But what about the extra crime and the corruption it caused? In fact there was no big increase in homicide or violent crime in the era of prohibition.

Er, yes there was. The homicide rate rose throughout the era of Prohibition and fell sharply as soon as it was repealed. The increase in crime and violence was well recognised at the time and was one of the main reasons Prohibition was repealed.

Incidentally, the suicide rate - which, unlike the homicide rate, had been falling before 1920 - also rose throughout Prohibition and fell afterwards.
He continues...

True, mobsters — who existed long before the ban — pitched into liquor smuggling, but when prohibition was over they just moved on to other things.

And how lucky they were that the USA had launched the war on drugs in the meantime, thanks to many of the same characters who had given it the war on alcohol. The more opportunities you give organised criminals, the more organised crime you're going to get.

In the meantime arrests for public disorderliness due to drink fell by half, as did recorded complaints of domestic abuse (almost invariably violence by a drunken man against his partner or family).

Domestic abuse (or ‘wife beating’) was made illegal in 1920 in all US states. Ramsey says that...

'.. the likelihood that a wife beater would be incarcerated at least briefly seems to have been high in the 1920s'.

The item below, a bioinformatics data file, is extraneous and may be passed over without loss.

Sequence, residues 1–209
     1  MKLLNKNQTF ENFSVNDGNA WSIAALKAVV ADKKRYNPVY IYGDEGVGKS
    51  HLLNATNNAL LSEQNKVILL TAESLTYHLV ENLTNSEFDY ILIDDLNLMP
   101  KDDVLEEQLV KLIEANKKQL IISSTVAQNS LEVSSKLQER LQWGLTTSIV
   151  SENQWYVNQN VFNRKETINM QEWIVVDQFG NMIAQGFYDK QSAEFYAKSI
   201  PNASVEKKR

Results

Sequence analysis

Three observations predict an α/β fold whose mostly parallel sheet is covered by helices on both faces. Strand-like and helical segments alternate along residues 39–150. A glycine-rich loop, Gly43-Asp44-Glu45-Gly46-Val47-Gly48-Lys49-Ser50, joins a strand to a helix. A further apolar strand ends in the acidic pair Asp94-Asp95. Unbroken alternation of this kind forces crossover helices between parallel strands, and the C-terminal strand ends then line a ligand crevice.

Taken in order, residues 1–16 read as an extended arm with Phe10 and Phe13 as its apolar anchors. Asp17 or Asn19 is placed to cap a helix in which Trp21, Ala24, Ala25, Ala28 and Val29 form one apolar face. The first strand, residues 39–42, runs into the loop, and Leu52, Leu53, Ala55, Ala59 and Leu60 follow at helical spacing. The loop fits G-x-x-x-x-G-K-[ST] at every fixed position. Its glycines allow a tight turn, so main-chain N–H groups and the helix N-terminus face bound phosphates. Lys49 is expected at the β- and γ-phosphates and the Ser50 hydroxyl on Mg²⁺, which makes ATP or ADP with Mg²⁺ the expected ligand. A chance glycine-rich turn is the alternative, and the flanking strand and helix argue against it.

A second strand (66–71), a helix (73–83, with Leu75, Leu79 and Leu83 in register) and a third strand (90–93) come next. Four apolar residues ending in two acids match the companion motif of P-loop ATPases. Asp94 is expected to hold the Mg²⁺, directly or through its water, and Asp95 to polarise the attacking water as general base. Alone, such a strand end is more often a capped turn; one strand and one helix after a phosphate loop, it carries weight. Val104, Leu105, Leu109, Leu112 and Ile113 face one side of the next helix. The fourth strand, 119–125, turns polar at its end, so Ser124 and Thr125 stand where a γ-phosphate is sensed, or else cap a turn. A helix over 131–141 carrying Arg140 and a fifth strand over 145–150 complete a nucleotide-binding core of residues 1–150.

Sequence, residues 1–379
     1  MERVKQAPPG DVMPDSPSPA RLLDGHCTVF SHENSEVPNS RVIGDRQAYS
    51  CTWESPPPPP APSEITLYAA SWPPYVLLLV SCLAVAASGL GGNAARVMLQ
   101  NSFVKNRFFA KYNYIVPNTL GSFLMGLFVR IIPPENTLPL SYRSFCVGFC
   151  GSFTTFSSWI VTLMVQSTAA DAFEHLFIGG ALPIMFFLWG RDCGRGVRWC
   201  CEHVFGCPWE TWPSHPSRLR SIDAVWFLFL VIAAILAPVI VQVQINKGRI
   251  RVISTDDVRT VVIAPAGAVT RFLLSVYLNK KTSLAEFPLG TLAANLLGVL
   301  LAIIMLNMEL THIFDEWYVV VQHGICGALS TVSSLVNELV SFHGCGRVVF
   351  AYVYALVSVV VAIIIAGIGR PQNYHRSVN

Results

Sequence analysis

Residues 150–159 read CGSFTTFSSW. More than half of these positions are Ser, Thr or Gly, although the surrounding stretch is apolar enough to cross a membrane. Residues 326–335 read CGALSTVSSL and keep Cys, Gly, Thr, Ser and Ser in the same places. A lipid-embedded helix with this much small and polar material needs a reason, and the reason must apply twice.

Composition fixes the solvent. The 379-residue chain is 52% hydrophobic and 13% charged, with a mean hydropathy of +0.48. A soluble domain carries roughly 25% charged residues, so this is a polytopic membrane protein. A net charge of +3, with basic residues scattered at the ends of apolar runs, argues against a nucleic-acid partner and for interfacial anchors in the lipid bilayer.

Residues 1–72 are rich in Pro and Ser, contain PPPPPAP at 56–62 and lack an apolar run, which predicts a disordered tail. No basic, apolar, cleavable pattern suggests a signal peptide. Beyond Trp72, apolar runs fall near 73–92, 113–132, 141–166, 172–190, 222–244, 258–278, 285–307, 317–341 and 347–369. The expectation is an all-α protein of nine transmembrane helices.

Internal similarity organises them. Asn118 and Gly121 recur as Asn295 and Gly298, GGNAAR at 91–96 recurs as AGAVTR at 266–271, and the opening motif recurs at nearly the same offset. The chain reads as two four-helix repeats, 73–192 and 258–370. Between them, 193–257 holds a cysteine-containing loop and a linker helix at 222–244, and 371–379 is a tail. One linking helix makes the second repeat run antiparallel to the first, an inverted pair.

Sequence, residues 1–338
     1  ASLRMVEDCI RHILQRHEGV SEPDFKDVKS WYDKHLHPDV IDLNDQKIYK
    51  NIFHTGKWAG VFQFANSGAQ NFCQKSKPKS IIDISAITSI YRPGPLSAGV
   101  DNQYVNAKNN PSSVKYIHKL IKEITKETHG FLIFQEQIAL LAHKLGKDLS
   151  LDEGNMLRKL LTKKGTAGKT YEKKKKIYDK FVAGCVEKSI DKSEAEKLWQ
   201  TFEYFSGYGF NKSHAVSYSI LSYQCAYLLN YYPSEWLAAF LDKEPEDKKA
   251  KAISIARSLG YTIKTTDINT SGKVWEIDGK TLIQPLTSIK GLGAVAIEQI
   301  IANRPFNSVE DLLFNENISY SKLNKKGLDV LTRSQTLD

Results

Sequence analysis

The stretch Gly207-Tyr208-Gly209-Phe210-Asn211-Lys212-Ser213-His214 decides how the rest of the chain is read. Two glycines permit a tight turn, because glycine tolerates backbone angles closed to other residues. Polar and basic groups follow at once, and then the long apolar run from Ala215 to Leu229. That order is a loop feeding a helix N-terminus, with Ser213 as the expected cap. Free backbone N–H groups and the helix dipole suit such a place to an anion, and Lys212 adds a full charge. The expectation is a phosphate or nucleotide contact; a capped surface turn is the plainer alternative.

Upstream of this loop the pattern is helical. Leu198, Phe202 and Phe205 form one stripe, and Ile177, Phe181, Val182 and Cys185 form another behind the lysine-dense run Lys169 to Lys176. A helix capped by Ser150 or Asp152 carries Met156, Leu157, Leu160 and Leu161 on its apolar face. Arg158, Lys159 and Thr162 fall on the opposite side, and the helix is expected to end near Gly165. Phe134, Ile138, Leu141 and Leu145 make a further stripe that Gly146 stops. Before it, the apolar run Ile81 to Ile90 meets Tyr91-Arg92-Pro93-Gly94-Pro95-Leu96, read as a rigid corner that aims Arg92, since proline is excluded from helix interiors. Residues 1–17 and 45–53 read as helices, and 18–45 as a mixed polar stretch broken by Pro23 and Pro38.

This doesn’t directly contradict Aaronovitch’s claim, but I can't find support for it in this detailed history of American domestic violence which is surprising if it is true – a halving of domestic violence rates in 10 years would be remarkable.

His factoid about drunk and disorderly arrests also seems dodgy:

'The Volstead Act, passed to enforce the Eighteenth Amendment, had an immediate impact on crime. According to a study of 30 major U.S. cities, the number of crimes increased 24 percent between 1920 and 1921. The study revealed that during that period more money was spent on police (11.4+ percent) and more people were arrested for violating Prohibition laws (102+ percent). But increased law enforcement efforts did not appear to reduce drinking: arrests for drunkenness and disorderly conduct increased 41 percent, and arrests of drunken drivers increased 81 percent.' 

He then notes, correctly, that Prohibition had some positive lasting effects. It changed saloon culture beyond recognition and normalised female drinking in bars, for instance.

Finally, though prohibition was abolished and the renascent drinks manufacturers blitzed the public with booze ads and the film-makers with glitzy party scenes, it has lingered on in reduced consumption, state bans and — as I discovered aged 60, ordering a cocktail in the Lower East Side — stringent age checks.

Maybe, but as Lisa McGirr shows in her book The War on Alcohol, it also revived the Ku Klux Klan, normalised police raids on private property, created the template for the FBI and led to the creation of the modern, heavy-handed American penal state. So, swings and roundabouts.